Permanence of Gouache
I’ve been revisiting information regarding the permanence of my gouache paintings. I want to continue to be able, with a clear conscience, to assure my buyers that their painting isn’t going to fade away in their lifetime. Interestingly, the subject has only come up a couple of times in the last five years. Since gouache is watercolor, the information tends to cover both transparent and opaque. Permanence is allied with lightfastness. Here are some things I’ve found interesting:
Lightfastness… the ability of a pigment to retain its original color appearance under exposure to light. This is usually indicated as a numerical rating, from I (high lightfastness) to III or IV (low lightfastness), on the paint tube or in the paint technical information available from the manufacturer. Lightfastness is a crucial issue with watercolors, because the paint pigment is not surrounded by a protective dried binder (as in oil or acrylic paints) but is left exposed on the surface of the paper.
…in the 19th century watercolors acquired a market reputation for relative impermanence that continues to suppress their price today, and painters who admire this medium will make choices to improve its market status…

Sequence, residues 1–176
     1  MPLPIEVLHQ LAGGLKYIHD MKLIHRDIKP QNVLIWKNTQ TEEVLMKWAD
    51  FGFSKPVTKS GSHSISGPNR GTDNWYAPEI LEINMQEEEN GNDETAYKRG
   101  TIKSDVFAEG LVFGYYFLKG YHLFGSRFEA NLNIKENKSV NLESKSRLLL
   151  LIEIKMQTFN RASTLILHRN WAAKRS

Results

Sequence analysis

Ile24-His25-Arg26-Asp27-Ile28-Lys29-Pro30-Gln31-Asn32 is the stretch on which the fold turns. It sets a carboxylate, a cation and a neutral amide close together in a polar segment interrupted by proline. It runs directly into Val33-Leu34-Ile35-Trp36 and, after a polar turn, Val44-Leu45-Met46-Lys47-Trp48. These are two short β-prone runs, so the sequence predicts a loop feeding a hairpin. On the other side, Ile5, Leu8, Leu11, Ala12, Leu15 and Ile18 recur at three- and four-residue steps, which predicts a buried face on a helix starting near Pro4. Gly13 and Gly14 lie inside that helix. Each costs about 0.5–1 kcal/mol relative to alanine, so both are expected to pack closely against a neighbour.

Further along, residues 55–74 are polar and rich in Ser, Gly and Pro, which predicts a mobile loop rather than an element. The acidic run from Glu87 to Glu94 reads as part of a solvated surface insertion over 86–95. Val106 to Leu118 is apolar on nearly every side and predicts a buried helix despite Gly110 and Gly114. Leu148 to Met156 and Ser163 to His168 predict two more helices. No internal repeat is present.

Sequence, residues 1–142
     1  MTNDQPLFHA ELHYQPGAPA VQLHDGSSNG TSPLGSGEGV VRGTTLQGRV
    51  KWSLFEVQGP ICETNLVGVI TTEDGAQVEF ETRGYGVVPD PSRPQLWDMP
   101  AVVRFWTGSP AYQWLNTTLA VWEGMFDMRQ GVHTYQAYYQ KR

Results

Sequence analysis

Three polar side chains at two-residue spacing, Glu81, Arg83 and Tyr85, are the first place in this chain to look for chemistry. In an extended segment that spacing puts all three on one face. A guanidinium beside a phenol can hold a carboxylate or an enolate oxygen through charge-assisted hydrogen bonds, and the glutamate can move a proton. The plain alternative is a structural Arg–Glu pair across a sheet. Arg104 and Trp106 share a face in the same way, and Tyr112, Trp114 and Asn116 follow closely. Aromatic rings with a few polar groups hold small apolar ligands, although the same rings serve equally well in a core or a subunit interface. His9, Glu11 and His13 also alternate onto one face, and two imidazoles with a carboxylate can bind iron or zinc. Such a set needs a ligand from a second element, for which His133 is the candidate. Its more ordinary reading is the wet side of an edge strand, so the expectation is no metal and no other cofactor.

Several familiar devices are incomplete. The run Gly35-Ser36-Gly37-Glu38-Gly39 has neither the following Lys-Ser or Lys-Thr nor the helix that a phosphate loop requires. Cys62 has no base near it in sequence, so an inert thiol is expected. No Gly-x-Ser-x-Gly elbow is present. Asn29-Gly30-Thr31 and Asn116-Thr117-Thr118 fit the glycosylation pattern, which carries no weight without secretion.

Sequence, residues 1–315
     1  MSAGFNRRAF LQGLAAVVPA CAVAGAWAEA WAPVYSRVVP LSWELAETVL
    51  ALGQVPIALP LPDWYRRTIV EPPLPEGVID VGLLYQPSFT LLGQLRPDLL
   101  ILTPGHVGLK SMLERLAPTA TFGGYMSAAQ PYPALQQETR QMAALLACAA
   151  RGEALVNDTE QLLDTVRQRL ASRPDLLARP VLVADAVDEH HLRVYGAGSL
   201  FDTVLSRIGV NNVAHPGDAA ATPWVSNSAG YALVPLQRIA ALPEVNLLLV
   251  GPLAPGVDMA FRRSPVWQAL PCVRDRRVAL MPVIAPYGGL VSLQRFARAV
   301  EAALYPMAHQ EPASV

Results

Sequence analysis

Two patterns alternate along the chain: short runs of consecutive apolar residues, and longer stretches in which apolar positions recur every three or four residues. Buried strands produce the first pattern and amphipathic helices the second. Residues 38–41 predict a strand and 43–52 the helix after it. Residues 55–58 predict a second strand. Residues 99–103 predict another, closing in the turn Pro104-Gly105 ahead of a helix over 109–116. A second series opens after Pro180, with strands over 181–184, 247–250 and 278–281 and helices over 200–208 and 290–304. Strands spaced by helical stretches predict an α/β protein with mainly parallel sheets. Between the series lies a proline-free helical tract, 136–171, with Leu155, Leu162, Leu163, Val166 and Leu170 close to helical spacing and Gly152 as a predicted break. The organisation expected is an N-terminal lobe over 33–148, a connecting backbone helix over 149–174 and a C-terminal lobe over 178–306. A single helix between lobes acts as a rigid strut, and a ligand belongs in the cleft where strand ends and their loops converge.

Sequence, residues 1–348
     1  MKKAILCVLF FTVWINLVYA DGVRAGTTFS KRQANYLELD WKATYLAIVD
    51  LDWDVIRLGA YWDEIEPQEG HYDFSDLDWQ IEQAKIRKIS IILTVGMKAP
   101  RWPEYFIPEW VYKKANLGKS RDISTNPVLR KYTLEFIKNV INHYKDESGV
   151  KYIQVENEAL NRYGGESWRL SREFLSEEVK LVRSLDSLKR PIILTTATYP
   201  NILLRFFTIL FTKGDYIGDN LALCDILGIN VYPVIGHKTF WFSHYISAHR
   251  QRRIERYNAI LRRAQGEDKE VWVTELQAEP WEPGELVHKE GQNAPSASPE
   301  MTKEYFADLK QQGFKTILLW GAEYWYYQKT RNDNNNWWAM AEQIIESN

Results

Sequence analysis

…The most stable painting medium is pastel, but modern lightfast watercolors are now more stable than oil or acrylic mediums.
…Industry labeling practice is to include a lightfastness rating on the paint packaging, and painters should only use paints that have a lightfastness rating of I or II under the testing standards published the American Society of Testing and Materials (now ASTM International).
The paints I use all have a lightfastness rating of I or II. And by using Kamar varnish, I’m adding an additional layer of protection for the paint itself. Of course, virtually all works of two-dimensional art should be hung or displayed where they don’t get extended periods of exposure to direct sunlight.
It’s Friday evening, and I’m hungry, so this is my contribution for the day.